If you're recruiting on a college campus, I DEARLY hope you're having your meetings on that campus too. Do you know how far away "off campus" can sound, even if it's just across the street from campus?? Also, remember that freshmen don't necessarily know the geography of the surrounding area, but they can wrangle out the locations of the campus buildings pretty easily. Remember too that not all college students have cars. If you ARE meeting off campus, arrange a meeting point ON campus from which to walk to the meeting (or carpool if it's far away).


               But the easier it is for them to get to the meeting, the more likely they are to come. Make the cost-benefit as much in their favor as possible. Ask them to go out of their way later once they are more personally invested.


               Remember that you are STILL working. Just because they're at one meeting doesn't mean they're recruited yet. Don't clique up with your friends. Sit with a new person instead of your bestie. I know, I know, it's a wrench, but think of how it'll look to the newcomer. Years later when they're getting their Peerage, maybe they'll remember you and think, "Wow, I wouldn't have stuck around to be here today if that person hadn't been so awesome."


               You rock star, you.




               I don't really consider anyone to be 100% recruited until they come back to meetings on their own after Christmas break.


               Do what you can. Get them involved. Get them in garb and get them to an event.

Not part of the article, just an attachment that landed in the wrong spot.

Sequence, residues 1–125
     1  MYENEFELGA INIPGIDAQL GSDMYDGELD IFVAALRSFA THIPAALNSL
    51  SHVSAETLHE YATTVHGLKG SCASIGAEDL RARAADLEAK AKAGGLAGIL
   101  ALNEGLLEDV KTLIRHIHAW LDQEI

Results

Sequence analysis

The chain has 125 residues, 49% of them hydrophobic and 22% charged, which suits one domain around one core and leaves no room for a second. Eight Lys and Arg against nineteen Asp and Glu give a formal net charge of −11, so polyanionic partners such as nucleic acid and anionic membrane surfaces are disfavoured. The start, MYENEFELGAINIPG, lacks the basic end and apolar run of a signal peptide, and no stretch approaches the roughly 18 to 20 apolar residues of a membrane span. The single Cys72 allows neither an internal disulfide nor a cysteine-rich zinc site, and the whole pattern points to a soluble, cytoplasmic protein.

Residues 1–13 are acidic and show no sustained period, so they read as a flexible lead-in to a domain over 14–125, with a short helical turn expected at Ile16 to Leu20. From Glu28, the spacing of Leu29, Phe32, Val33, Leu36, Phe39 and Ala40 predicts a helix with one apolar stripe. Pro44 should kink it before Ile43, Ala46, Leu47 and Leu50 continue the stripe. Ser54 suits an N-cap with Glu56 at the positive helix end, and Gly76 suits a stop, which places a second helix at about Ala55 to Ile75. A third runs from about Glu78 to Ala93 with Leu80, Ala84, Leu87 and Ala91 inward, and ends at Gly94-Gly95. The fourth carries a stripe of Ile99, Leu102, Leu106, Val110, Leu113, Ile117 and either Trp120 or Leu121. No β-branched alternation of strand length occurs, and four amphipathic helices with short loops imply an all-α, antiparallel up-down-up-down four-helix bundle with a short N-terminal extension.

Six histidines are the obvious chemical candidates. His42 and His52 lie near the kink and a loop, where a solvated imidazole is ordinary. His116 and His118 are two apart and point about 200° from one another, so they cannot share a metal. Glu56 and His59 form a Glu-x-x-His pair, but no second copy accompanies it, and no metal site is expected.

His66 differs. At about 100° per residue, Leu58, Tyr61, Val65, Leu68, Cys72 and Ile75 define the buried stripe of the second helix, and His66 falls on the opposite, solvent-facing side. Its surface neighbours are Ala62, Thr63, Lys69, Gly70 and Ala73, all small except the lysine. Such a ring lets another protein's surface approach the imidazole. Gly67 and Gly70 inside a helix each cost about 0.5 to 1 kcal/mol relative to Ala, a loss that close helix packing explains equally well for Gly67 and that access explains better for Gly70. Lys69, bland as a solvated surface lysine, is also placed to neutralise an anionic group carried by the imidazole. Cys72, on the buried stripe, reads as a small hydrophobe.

Remember what it was like for you when you were new. Who helped you? What made you stay? Who did you look up to? What were you scared of doing? What did you wish you knew? What did you want most? How did you feel when you made a mistake?


               Remember what it was like, and remember how *magical* it was back then: The first event you went to, the first time you were called into court, the first time someone wearing a shiny hat remembered your name.


               Always remember that.

               Go forth. Make it magical for someone else.


Yours in Service,
Lady Isabella Caresini



Copyright 2012 by Alexandera Rowland. <Alexandrarowland at gmail.com>. Permission is granted for republication in SCA-related publications, provided the author is credited.  Addresses change, but a reasonable attempt should be made to ensure that the author is notified of the publication and if possible receives a copy.


If this article is reprinted in a publication, I would appreciate a notice in the publication that you found this article in the Florilegium. I would also appreciate an email to myself, so that I can track which articles are being reprinted. Thanks. -Stefan.


<the end>

Formatting copyright © Mark S. Harris (THLord Stefan li Rous).
All other copyrights are property of the original article and message authors.

Comments to the Editor: stefan at florilegium.org